‘The Little Stranger’ by Sarah Waters

The Little Stranger book coverThis was my first Sarah Waters novel which, like all too many books, has been waiting patiently on my shelf to be read. All her work seems to have attracted prizes and awards and this book was shortlisted for the Man Booker in 2009. It turns out to be very much more than a 20th Century ghost story.

Set in the period just after the end of World War II, the narrator is a bachelor GP in rural Warwickshire at that time when the National Health Service was still to be created and a trip to the doctor cost real money. Dr Faraday knew Hundreds Hall from the time his mother took him behind the scenes at an Empire Day picnic hosted there by the Ayres family in 1919. She was a former maid servant there and her backstairs friends gave him jelly to eat. Now, a generation later, he stands in for his partner when there is an urgent summons from Hundreds to treat an ailing young maid. He is shocked by the transformation of the once stately home that now stands dilapidated in untended grounds. Widowed Mrs Ayres lives there now with her son and daughter. He is war-wounded and shell-shocked while the daughter merits the damning description of ‘handsome’. Apart from that, there is nothing really wrong with the maid who is simply miserable with the gloomy house and oppressed with the feeling that there is something strange inhabiting Hundreds.

We learn that an older sister, whom Faraday saw back in 1919, died not long after that and although the two later children are loved they are not missed like the dear-departed Susan. The Ayres are by now living off their capital and sales of land from the estate. Son Roderick manages the estate and the farm but the stress of all this on his war-damaged body and spirit are taking their toll. Faraday offers Roderick experimental electric therapy for his leg and, on the excuse that he will write a paper about the results for a learned journal, declines to accept payment, realising the family do not have the spare cash for a course of private treatment. He is welcomed by mother and daughter and, not to put too fine a point on it, soon seems to be getting his feet under the table at Hundreds Hall.

Events build to a climax as Roderick seems to be just as obsessed as the young maid about ‘something’ malign in the Hall that has it in for the family. Mrs Ayres decides to hold a ‘drinks party’ for local landed gentry including the nouveaux riches neighbours with a young daughter who is brought along too. Then there is a tragedy when the Ayres ageing dog suddenly attacks the child who, despite the prompt action of Faraday, is likely to be scarred for life. The Ayres stave off the threat of police involvement by agreeing to destroy the much loved dog. But troubles do not cease.

Inexplicable scorch marks appear in Roderick’s room as though someone or something had applied a blowtorch to the walls, sometimes in inaccessible places. Then a fire breaks out in his bedroom and study. Working only on logic and observation, Faraday becomes convinced Roderick is losing his reason and he is soon removed to a private clinic; another heavy drain on the family’s finances. As Christmas approaches, Faraday invites the daughter, Caroline, to the Hospital Ball where she enjoys herself and drinks a fair amount. In the car on the way home, she seems to be inviting Faraday to make a pass but when he does she panics and fights him off.   Although this casts a pall over the evening, Faraday now finds he genuinely desires Caroline and proposes.   For a while, they are more or less engaged.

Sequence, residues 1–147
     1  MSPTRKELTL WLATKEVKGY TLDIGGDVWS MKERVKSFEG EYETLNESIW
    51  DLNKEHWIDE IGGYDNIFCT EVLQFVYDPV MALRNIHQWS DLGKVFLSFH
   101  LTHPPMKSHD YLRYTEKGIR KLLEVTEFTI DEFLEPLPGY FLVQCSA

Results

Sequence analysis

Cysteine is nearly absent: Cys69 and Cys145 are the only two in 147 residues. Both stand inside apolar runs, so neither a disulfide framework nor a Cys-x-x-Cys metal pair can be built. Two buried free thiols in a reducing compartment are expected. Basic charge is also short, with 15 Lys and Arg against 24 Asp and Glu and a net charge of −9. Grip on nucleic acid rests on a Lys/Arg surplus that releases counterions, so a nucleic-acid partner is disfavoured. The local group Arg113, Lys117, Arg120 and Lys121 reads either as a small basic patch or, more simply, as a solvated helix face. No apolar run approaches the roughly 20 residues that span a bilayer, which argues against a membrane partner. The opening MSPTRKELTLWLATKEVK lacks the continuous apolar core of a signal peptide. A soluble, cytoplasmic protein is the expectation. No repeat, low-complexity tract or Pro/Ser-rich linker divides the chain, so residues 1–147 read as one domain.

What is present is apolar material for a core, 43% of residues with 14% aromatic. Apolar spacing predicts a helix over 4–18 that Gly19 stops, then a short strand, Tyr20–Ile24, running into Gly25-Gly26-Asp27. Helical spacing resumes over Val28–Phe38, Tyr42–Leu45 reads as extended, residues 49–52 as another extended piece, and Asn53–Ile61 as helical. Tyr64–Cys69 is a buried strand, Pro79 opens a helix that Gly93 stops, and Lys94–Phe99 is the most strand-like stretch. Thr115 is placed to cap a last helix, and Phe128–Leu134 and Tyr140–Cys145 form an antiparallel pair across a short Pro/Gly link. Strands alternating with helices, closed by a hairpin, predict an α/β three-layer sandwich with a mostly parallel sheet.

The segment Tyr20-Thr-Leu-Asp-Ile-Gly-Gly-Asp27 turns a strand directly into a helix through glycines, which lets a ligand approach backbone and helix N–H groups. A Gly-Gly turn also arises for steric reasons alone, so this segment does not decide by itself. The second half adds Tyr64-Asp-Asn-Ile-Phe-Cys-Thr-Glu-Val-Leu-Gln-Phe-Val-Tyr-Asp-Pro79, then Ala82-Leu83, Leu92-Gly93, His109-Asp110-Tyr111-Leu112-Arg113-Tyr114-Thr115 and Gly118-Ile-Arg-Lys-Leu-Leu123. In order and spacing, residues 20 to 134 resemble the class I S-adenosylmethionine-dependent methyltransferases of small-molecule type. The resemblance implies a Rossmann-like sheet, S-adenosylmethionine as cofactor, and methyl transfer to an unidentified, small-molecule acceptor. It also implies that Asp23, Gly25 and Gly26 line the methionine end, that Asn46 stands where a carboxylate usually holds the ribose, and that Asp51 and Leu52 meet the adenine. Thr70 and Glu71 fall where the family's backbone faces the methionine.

Sarah Waters portraitComplicated? Since this blogger does not do plot spoilers, I will say only that one tragedy then succeeds another and one night, returning from a night visit, Faraday pulls up at the secluded spot where his advances were earlier repulsed. Exhausted, he falls asleep and dreams he is visiting Hundreds. The events that take place that same night at Hundreds are unknown to him until his partner searches him out in the morning to reveal the second tragedy. In those days before mobile phones and GPS, a doctor has only to say he has been up all night with a difficult case and no one questions him, but he is shocked and the reader is intrigued by the details of that tragedy as witnessed and recounted by the maid up at the Hall. Are we to read something into this?

The quality of Waters’s writing and the way she evokes a period before her time, but that I knew well in terms of the events and the language, the manners and class attitudes that ruled everyone’s behaviour then, are convincingly recreated. The fact that the involved reader has to make up his or her mind about what is really happening drew me along, page after page. The battle between the rational and the irrational is fought out to the very last page. Let me know if, at the end, you think Faraday is someone you would let your daughter marry.

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